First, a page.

Maritime command

CHINA’s aggressive posturing along the Line of Actual Control and its growing footprint in the Indian Ocean region have prompted India’s armed forces to considerably raise their level of preparedness on land, sea and in the air. Last month, the navies of the four Quad nations — the US, India, Japan and Australia — jointly conducted the Malabar military exercise in the Bay of Bengal and the Arabian Sea. The multilateral show of strength was intended to unnerve China, whose submarine fleet is three times bigger than that of India, and it did somewhat achieve its aim. Now, India is on course to set up an integrated maritime command that will have warships, fighter jets, helicopters, submarines, aircraft carriers and special amphibious brigades of the Army. The maritime theatre commander will be tasked with securing the sea lanes along the 7,500-km coastline.

The long-awaited move comes 19 years after India established its first unified command — the Andaman and Nicobar Command (ANC). Over the years, the ANC has been plagued by inadequate development of infrastructure, with a slew of environmental and coastal regulatory clearances being a major challenge. The unsavoury tug of war between the services is another stumbling block. The prolonged standoff in Ladakh apparently made the defence top brass look for ways to fast-track plans to strengthen the ANC. These projects should be executed without delay, even as the focus would eventually shift to the proposed maritime command, which is likely to be based in Karnataka. In view of the Andaman & Nicobar experience, infrastructural issues and mandatory clearances should be dealt with on priority so that the command becomes operational in a year or so, as envisaged.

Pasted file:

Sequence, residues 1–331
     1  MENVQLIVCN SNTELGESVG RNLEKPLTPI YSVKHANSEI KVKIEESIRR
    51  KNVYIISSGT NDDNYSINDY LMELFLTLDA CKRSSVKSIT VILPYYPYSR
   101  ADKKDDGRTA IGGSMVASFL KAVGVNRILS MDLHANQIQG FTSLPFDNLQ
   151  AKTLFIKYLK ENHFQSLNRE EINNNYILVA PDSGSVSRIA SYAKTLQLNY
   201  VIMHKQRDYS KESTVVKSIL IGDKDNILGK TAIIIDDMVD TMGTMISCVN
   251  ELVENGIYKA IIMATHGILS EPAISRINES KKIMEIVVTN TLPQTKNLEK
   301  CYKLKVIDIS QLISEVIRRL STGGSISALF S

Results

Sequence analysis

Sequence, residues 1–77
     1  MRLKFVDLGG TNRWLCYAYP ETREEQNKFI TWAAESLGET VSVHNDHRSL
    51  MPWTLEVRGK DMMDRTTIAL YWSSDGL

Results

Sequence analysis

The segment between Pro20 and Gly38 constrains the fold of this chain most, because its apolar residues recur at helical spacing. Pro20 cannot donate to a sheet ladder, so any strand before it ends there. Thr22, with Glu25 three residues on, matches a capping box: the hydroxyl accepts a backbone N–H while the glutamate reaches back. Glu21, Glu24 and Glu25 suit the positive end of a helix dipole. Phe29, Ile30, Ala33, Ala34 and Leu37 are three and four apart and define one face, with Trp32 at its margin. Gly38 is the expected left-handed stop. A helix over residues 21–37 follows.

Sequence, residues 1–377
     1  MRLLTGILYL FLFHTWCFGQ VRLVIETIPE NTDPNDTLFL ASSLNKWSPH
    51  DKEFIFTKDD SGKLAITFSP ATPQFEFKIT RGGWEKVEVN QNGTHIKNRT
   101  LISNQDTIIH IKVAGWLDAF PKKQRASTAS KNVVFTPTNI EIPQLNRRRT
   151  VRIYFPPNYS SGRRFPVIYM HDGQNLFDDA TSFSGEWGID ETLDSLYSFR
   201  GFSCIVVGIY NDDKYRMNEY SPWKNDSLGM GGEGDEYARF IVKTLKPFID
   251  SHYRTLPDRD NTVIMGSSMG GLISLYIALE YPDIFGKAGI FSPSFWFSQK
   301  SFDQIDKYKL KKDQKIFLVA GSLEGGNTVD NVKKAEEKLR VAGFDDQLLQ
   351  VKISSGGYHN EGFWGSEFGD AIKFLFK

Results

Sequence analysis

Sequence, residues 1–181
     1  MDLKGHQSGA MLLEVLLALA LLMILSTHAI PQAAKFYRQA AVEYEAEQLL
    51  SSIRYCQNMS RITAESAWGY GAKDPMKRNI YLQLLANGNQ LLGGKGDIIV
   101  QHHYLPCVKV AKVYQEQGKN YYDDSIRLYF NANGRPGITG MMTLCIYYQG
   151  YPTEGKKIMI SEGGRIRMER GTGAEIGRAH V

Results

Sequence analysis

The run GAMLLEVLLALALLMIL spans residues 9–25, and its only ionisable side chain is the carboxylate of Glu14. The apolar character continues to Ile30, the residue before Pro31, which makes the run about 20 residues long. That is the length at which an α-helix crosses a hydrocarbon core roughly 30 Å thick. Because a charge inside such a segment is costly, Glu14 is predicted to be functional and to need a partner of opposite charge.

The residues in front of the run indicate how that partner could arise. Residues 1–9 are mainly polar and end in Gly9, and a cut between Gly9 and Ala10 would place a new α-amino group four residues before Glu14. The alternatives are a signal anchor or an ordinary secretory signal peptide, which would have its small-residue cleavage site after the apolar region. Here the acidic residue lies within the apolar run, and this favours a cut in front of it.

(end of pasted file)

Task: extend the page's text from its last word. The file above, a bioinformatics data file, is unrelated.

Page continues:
The Chief of Defence Staff, Gen Bipin Rawat, has big plans to integrate the Army, Navy and Air Force while ‘retaining the niche capabilities of each service’. Considering the current geostrategic scenario, it’s clear that no single service can handle a conflict situation on its own. The key is to make the integration seamless so as to multiply the country’s combat potential. The maritime command will serve its purpose only if various forces work as a cohesive unit.

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